Giants, Brian Daboll, tag, Blake Martinez
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Five weaknesses for the Giants in 2023

The New York Football Giants had one of their most successful seasons in recent years this past fall, with the organization finally making it back to the playoffs for the first time since 2016.

The Giants under new leadership in Brian Daboll showed the league that they are a team that is ready to compete and most importantly win football games. 

New General Manager Joe Scheon has created an energy in the building that every coach, player, and staff member wants to be a part of. The respect and pride to stay I work or I play or I coach for the New York Giants is back in the Meadowlands. 

With this new found attitude and recent success, comes higher expectations from everyone inside and outside of the organization. The Giants are no longer out of contention, but rather in the thick of it when it comes to competing for the Lombardi. 

With season two for the Scheon-Daboll regime on the horizon, let's break down five weaknesses for the Giants this upcoming season.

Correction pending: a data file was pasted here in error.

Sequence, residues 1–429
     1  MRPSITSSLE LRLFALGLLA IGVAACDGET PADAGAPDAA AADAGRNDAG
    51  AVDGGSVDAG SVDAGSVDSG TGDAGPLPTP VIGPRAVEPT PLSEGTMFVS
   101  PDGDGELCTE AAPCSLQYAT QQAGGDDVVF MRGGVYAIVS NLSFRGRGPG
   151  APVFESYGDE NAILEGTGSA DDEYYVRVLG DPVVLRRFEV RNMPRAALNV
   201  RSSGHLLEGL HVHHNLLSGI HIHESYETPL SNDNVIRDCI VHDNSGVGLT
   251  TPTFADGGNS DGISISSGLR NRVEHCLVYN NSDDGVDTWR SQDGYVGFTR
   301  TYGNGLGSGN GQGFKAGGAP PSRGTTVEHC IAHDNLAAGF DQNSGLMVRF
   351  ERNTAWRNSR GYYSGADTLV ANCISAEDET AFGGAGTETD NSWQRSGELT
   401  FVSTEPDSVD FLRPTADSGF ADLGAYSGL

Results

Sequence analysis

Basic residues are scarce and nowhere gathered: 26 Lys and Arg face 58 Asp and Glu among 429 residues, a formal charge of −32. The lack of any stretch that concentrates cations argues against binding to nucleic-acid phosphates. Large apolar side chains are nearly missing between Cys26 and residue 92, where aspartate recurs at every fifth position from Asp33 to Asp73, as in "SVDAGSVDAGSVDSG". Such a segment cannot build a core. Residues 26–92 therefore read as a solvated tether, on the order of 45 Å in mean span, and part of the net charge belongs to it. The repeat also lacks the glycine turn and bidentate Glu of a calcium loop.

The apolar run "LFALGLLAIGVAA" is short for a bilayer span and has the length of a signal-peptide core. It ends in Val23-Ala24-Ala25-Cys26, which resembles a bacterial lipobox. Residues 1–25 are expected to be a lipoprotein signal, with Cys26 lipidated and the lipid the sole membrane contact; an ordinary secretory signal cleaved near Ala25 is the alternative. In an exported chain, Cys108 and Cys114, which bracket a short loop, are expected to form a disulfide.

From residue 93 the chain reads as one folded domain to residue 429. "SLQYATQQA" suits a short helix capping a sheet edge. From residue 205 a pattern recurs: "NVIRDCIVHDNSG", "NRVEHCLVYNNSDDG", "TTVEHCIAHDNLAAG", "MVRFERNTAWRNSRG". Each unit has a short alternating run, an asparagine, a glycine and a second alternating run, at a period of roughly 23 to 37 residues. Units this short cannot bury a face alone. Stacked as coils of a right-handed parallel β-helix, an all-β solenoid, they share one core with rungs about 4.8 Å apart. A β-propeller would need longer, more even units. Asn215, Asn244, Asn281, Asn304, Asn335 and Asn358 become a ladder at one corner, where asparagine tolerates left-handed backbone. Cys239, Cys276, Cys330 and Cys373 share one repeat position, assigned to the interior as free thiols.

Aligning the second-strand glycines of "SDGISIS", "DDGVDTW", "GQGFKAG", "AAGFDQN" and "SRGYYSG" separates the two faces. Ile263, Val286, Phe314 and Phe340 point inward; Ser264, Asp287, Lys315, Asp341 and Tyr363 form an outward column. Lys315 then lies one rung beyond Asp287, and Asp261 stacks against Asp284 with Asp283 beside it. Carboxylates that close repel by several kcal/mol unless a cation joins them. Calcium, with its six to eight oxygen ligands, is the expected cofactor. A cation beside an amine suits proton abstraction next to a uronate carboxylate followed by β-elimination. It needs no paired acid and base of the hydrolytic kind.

Strength of Schedule

It’s no secret that the Giants had one of the easiest schedules in 2022, but unfortunately the same can’t be said about Big Blues upcoming 2023 schedule. 

The Giants have one of the hardest strength of schedules in the entire league, with it being ranked the third/fourth toughest by several different sport outlets (T-4th Sports Illustrated, T-3rd Sporting News, T-4th CBS and T-3rd NFL Research)

The over/under for the success of the Giants is posted at 8.5 by DraftKings. With them facing top tier talent like the Bills, 49ers and all of the NFC East, Giants fans can only hope to go above .500 on the year. 

Evan Neal

The Giants 2022 seventh overall pick was supposed to be the new face of the offensive line. With his big frame and collegiate dominance, Big Blue thought they finally found their guy for the right side of the line.